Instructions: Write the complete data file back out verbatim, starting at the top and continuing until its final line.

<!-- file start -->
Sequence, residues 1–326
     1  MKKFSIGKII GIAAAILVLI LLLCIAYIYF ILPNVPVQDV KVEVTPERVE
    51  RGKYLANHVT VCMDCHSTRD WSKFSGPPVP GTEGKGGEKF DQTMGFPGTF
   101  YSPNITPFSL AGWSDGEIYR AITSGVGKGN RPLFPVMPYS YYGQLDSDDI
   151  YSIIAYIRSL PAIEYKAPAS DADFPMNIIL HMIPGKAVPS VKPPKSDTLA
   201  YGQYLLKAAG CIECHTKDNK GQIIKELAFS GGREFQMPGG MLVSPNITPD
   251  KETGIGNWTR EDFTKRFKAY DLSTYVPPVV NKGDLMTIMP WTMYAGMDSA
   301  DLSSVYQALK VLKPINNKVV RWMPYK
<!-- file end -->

Sequence, residues 1–326
     1  MKKFSIGKII GIAAAILVLI LLLCIAYIYF ILPNVPVQDV KVEVTPERVE
    51  RGKYLANHVT VCMDCHSTRD WSKFSGPPVP GTEGKGGEKF DQTMGFPGTF
   101  YSPNITPFSL AGWSDGEIYR AITSGVGKGN RPLFPVMPYS YYGQLDSDDI
   151  YSIIAYIRSL PAIEYKAPAS DADFPMNIIL HMIPGKAVPS VKPPKSDTLA
   201  YGQYLLKAAG CIECHTKDNK GQIIKELAFS GGREFQMPGG MLVSPNITPD
   251  KETGIGNWTR EDFTKRFKAY DLSTYVPPVV NKGDLMTIMP WTMYAGMDSA
   301  DLSSVYQALK VLKPINNKVV RWMPYK